Essential oils for animal first aid

Understanding the beneficial properties of essential oils reveals how they can be so helpful in veterinary emergencies.

Plants use the essential oils they produce for their own biological safety. Essential oils are known to be antimicrobial, anti-histaminergic, and anti-inflammatory. They can serve as neurotransmitters, tissue hormones, enzymes, and cofactors for biological processes. They promote tissue healing by supplying negative ions, ozone and oxygen. Essential oils can help manage pain and infections and promote tissue regeneration.

Essential oils for first aid 

BleedingHelichrysum italicum on location, undiluted. Unlike cauterization, this oil also protects against infections and promotes tissue healing. Very useful after dental procedures. Use caution around cautery, as essential oils are flammable.

Bruising and painHelichrysum italicum, Peppermint and Frankincense (Boswellia carterii) undiluted on location.

Burns — Lavender (Lavandula angustifolia) on location every five minutes for 30 minutes, then twice a day until healed.

Allergic reactions — Lemon, Blue Tansy (Tanacetum annuum) and Frankincense, undiluted on location. Can use over carotid arteries if systemic reaction. Very useful topically at vaccine injection sites.

Heat stroke — Peppermint diluted in ice water and misted over the whole body. Place undiluted on the feet and follow with a cold wet pack to drive in the oil.

These are just some examples of how to use essential oils in an emergency, to support recovery. In first aid applications, the oils are rarely diluted. This is a time for strong action.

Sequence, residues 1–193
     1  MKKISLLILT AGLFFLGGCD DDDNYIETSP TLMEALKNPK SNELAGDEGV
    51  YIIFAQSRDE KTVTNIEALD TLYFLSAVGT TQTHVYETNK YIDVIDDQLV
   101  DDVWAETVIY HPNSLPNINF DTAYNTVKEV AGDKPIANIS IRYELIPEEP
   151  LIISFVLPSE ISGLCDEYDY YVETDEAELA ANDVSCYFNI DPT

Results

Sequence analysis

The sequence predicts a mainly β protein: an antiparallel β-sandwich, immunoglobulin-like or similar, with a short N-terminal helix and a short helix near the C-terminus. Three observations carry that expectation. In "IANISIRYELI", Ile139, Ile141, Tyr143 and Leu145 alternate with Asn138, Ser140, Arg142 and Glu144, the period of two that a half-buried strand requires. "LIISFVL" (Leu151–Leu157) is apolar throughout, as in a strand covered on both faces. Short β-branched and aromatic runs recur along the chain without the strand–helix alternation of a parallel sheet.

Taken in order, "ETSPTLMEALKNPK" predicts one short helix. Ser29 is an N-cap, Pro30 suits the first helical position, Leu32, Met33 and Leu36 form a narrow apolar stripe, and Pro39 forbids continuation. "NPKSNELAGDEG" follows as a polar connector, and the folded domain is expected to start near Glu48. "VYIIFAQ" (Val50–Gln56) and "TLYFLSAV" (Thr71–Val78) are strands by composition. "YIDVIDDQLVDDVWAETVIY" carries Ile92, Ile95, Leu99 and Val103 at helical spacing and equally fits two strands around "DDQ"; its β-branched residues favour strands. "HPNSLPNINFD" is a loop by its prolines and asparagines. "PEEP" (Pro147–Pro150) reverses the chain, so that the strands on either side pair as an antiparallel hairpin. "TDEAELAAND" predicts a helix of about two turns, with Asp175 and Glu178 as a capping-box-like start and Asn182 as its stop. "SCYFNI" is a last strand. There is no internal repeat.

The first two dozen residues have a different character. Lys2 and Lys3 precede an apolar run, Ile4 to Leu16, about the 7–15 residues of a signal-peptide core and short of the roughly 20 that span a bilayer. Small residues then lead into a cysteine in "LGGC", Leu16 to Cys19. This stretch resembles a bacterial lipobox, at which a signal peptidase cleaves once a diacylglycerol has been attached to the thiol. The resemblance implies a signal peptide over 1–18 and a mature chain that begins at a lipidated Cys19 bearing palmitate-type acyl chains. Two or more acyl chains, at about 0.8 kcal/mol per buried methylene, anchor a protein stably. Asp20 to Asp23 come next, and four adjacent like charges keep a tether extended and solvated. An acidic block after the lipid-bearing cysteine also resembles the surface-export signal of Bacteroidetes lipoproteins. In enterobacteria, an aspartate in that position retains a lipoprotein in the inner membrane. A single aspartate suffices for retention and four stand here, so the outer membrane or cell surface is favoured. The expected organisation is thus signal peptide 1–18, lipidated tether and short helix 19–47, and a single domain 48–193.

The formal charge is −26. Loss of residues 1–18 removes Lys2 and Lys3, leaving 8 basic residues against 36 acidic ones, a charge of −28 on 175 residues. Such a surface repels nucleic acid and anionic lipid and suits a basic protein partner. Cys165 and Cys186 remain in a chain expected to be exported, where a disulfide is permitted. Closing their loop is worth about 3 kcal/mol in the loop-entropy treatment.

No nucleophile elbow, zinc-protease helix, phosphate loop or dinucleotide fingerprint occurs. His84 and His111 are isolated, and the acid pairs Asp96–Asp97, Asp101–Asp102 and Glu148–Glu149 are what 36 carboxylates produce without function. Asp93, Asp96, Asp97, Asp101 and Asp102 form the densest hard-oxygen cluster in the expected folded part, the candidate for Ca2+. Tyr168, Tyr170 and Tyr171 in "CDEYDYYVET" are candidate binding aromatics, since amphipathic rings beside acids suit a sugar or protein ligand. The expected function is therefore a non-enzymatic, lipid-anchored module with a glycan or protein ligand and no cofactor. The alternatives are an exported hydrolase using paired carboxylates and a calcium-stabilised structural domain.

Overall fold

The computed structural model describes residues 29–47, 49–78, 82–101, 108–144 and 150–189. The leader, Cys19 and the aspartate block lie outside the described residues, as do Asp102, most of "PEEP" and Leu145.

Make sure you know your oils. Many products are diluted with fillers or are not Biologically Active® and could therefore cause damage rather than help. For example, while Lavender essential oil (Lavandula angustifolia) helps with burns, Lavandin is high in camphor, and can actually cause burns.

Oil quality, type of oil, and technique all matter in using essential oils responsibly.


Dr. Nancy Brandt graduated from the University of Minnesota College of Veterinary Medicine in 1990, and later began her studies in acupuncture, Chinese medicine, chiropractic medicine, and naturopathic modalities. In 1999, she founded her practice, Natural Care Institute. In 2017, Dr. Brandt founded UnBound Center for Animal Wellness, for special needs pets. She pioneered the field of Veterinary Medical Aromatherapy® and founded the Veterinary Medical Aromatherapy Association ( and


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